sunnuntaina, heinäkuuta 05, 2009

Libertarismin perusperiaatteita rautalangasta väännettynä

Q: Do you really believe all that lunatic extremist garbage?

A: Yup.

Q: What is capitalism?

A: Capitalism is an economic system based on the private ownership of the means of production.
Let's break that down:

a) PRIVATE: Owned by an individual, at least originally. The individual can join with other individuals to collectively own property, but the right to ownership by the collective derives from the original ownership by the individuals who compose it.

b) OWNERSHIP: The individual is not merely 'taking care of' the property. He has not been granted a trust to use it 'in the public good'. He is not an 'administrator'. He owns it. He can do as he likes with it, limited only by the fact he doesn't own other people's property. (I can't dump my toxic waste on your land, because you own your land. I can't bury my knife in your back, because I don't own your back.)

c) MEANS OF PRODUCTION: What is the fundamental means of production? The individual human mind and body. Who is the only rightful owner of an individual's mind and body? THAT INDIVIDUAL HIMSELF. Any system which denies ownership of the self, such as slavery, is inherently anti-capitalistic and should be fought by all capitalists. Any system which preaches that the individual belongs to the state, or to society, or to the world, is a system which preaches slavery, and should be fought by all.

Further, in a capitalist society, there are NO LIMITS ON THE NATURE OF THE CONTRACTS WHICH MAY BE MADE BETWEEN CONSENTING ADULTS. Any society which limits such contracts is, to the extent it limits them, not a capitalist society. If I cannot sell you drugs, or pornography, or seditious literature, then I am not living in a capitalist society (assuming you are an adult). If I cannot use my own property to express any views I wish, from 'Workers of the world, unite!' to 'Kill the Jews', then I am not living in a capitalist society. (And if you can compel me to express a view, I am likewise not living in a capitalist society.)

What most people think of as capitalism -- stocks, bonds, white men in suits, etc -- is just a minor visible manifestation of the above ethical principles. If you don't have those basic principles, you don't have capitalism. If they don't apply to everyone, regardless of birth status, race, religion, gender, sexual orientation, etc -- you don't have capitalism.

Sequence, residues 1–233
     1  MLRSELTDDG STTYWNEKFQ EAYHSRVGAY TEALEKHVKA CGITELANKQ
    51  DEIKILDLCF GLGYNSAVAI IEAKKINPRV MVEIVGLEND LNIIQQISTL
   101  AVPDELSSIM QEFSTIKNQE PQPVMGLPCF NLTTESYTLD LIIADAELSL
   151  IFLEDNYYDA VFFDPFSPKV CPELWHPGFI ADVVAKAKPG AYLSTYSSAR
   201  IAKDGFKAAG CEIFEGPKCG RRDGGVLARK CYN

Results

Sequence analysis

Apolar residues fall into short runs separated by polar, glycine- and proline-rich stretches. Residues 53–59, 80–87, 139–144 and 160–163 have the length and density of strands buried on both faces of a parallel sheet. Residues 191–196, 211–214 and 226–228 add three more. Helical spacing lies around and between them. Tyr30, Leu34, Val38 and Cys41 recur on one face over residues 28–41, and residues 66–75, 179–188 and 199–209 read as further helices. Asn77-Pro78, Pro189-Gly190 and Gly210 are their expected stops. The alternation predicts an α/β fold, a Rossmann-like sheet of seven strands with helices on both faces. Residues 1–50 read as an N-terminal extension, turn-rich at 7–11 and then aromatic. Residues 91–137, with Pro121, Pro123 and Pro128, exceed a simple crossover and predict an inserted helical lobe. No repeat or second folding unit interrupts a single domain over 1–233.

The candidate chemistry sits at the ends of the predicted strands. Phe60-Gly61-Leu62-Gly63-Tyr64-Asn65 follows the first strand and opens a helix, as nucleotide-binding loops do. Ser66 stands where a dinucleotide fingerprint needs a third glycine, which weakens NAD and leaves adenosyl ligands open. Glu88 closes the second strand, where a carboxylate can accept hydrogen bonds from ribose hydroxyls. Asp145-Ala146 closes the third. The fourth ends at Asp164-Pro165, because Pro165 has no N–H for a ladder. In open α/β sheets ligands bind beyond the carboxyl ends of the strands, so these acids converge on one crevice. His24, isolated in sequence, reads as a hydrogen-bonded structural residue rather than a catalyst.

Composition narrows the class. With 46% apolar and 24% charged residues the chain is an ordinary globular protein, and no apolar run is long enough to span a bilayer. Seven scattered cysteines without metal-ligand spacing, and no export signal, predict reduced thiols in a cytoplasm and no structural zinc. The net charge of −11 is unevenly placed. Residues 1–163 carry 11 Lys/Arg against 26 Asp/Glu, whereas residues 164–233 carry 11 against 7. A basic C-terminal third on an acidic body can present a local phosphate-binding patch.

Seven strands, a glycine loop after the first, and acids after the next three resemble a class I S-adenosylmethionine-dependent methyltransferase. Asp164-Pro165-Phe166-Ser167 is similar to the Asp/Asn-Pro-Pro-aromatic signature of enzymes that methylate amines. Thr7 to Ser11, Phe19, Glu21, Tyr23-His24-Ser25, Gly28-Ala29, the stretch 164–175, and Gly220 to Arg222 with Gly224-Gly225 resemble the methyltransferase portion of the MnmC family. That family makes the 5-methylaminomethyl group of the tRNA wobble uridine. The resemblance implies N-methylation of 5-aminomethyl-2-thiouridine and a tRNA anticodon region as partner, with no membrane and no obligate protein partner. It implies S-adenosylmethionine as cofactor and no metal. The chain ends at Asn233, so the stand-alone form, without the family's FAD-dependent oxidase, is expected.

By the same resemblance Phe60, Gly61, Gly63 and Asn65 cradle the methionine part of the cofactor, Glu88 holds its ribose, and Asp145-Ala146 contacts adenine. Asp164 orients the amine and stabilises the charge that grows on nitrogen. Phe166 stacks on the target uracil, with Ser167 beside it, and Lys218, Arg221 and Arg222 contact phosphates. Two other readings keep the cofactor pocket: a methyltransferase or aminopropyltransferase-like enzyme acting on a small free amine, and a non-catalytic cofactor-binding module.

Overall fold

Q: What is the role of government in a capitalist society?

A: Basically, there is none. Government is inherently coercive (thus violating the 'consensual' portion of the definition), and can only exist by seizing some property by force (thus violating 'ownership'). If there is any role for the State in a capitalist society, it is as an arbiter and enforcer of contracts -- it has no role in determining the content of them.

Q: But I thought anarchists were communists?

A: Some are. Some aren't. The leftists have almost completely buried right-anarchy from the public view. Thanks to the Internet, though, the tradition is being revived. I recently found an exceptional set of classic anarchocapitalist/individualist-anarchist writings at This has Spooner, Bastiat, Childs, and lots more good stuff. Enjoy!

Further, one of the best modern writers of libertarian/anarchist SF is online! He is L. Neil Smith, and he's dead bril. Read his essays. His main concern is gun rights, and he has a lot of good things to say on the subject. My only minor gripe with him would be that he still seems to believe that political action is useful. I'd like to believe he's right, but frankly, I'm quite convinced that reform within the bounds of the political system is simply no longer feasible.

The Liberty Manifesto by P.J.O'Rourke, who is one of the best political commentators alive. This page will link you back to an unofficial P.J. page, which is quite nice, contains just enough text to be interesting and not violate copyright (IMO), and will do until he gets a page of his own.

Q: Isn't democracy good?

A: What, you read all my quotes and still dare to ask me that? What are you, dense? No, democracy is not good. At best, you can claim democracy is a means to an end -- that end being liberty. What has happened over the past few centuries, however, is that democracy has become an end in itself -- it doesn't matter what government does, or who it does it to, so long as it is done 'democratically'.

Democracy, in many ways, is worse than out-and-out tyranny -- because the people are deluded into thinking they are free.

Further, there is no tyranny in history that was not, in fact, supported de facto, if not de jure, by 'the people'. No tyrant rules or can rule by decree. All tyrants need the support of a massive infrastructure of thugs and hooligans, and the tacit support of 'the little people'. Look at the great tyrannies of the 20th century -- National Socialist Germany, the USSR, the People's Republic of China, and many more. All of them emphasize the collective, the group, the mob -- in other words, 'The People'. All of them made great shows of mass rallies, parades, arenas, public works, public schools, public housing, public health care, public this, public that. The great mass of the people knew what was happening, knew who was being slaughtered and enslaved, and the great mass of the people didn't care --because it wasn't happening to them.